Analysis Of Langston Hughes 's ' The Negro Artist And The Racial Mountain ``

1075 Words Dec 6th, 2015 5 Pages
During the Harlem Renaissance emerging artists sought to redefine the image of African Americans through their works to counter misconceived stigma which included perhaps most importantly, the ill-founded scientific belief that they were incapable of creative expression. Consequently, the space of Harlem invited opportunity for collaboration and publishing while simultaneously establishing the ideal era for artists to fight for the unification and acceptance of black identity. Therefore, in this context, Langston Hughes’s animosity toward Countee Cullen in “The Negro Artist and the Racial Mountain” seems eloquent and justifiable when Hughes obscurely claims that the black poet who wishes he were a poet is subconsciously saying, “I wish I were white” by means of supporting black progress. Hughes argues that his desire to be “a poet” rather than a “black poet” is stifling black culture which is at the heart of the Harlem Renaissance. However, Hughes argument is flawed when he argues that African American writers cannot fully express individuality without attaching a black identity to their work. Additionally, Hughes’s argument is focused on forming unnecessary standards to articulate what he expects a black writer needs to produce to be accepted into this emerging community.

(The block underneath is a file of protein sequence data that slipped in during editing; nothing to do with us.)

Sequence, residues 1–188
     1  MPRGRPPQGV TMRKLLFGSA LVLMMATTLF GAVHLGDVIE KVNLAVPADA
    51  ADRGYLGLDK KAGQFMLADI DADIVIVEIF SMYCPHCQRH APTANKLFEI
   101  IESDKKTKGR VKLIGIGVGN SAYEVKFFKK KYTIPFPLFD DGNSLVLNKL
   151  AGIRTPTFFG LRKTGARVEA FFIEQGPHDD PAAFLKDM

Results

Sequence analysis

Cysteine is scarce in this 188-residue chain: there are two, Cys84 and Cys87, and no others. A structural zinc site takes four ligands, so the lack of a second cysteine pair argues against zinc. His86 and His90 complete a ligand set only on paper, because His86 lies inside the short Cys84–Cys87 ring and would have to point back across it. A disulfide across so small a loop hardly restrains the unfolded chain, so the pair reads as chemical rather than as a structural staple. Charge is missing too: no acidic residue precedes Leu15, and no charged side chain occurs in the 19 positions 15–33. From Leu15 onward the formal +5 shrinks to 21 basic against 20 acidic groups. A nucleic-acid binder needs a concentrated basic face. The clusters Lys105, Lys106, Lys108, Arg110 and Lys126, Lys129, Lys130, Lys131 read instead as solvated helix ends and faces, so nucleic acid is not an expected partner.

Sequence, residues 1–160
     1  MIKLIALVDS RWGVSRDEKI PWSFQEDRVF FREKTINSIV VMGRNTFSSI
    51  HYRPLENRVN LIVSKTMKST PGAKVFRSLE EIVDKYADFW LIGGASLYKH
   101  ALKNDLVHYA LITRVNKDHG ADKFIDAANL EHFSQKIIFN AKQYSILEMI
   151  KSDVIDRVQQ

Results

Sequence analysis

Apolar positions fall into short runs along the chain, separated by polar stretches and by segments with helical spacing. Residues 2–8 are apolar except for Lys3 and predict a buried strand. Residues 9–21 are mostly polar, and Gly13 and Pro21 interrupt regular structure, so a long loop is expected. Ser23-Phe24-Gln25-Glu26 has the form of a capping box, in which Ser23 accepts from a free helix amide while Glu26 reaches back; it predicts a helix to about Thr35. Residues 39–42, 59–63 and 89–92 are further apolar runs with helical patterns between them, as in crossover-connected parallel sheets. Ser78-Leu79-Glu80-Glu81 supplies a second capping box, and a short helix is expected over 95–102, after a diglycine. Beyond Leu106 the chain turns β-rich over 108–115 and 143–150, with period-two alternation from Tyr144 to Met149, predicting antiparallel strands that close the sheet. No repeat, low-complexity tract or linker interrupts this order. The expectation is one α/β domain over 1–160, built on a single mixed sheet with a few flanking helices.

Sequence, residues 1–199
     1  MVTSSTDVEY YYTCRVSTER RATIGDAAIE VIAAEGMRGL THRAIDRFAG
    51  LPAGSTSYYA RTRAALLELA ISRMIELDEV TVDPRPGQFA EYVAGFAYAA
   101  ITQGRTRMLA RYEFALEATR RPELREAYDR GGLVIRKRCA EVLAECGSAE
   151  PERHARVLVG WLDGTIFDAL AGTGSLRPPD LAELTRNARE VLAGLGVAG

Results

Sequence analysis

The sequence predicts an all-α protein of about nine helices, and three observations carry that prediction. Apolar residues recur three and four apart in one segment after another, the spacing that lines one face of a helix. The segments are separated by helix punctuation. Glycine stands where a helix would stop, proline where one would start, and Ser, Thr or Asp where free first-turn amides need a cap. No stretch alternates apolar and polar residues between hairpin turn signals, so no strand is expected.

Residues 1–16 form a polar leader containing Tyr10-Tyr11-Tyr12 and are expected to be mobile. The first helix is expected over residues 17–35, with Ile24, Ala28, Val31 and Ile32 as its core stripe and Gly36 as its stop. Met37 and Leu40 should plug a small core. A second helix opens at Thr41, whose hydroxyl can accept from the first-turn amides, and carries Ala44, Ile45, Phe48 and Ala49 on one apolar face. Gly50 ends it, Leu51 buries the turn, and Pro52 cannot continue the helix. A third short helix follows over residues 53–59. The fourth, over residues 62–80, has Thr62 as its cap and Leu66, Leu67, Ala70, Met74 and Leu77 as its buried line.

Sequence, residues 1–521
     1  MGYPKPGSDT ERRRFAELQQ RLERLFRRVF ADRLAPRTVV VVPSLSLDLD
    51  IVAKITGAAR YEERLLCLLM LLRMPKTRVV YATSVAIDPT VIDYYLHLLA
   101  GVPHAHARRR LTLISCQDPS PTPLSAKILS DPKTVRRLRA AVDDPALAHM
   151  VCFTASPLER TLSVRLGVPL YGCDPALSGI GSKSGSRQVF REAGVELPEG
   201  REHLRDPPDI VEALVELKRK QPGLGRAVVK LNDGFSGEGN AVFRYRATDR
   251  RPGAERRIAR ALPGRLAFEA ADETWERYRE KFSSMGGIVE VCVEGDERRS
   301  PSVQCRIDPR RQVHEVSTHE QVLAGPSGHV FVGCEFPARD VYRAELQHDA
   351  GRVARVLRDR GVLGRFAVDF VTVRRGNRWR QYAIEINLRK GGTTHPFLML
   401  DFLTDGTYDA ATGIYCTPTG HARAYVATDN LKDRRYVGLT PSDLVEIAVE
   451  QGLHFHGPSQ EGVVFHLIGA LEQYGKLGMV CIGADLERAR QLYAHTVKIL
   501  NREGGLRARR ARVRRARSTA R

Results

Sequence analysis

Revisiting Zora Neale Hurston’s “How It Feels To Be Colored Me” she affirms it is only after learning of her black race, by which she precisely means the existing racial disparities between the two worlds,…
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